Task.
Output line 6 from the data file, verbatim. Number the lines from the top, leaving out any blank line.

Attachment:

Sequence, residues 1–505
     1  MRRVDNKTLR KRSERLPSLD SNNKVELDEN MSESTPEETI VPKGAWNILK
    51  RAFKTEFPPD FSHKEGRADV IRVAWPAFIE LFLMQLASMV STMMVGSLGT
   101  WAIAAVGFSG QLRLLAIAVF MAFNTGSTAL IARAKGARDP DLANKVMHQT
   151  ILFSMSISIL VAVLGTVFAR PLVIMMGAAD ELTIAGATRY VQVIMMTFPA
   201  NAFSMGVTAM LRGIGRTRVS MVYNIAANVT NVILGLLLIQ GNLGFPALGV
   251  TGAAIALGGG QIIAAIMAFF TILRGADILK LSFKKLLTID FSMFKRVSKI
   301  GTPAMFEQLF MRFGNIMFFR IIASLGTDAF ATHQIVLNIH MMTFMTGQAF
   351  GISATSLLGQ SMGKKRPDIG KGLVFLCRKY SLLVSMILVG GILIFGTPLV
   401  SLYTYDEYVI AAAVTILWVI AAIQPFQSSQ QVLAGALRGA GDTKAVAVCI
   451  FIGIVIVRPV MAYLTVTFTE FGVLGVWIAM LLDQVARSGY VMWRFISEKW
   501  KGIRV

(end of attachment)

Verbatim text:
   201  NAFSMGVTAM LRGIGRTRVS MVYNIAANVT NVILGLLLIQ GNLGFPALGV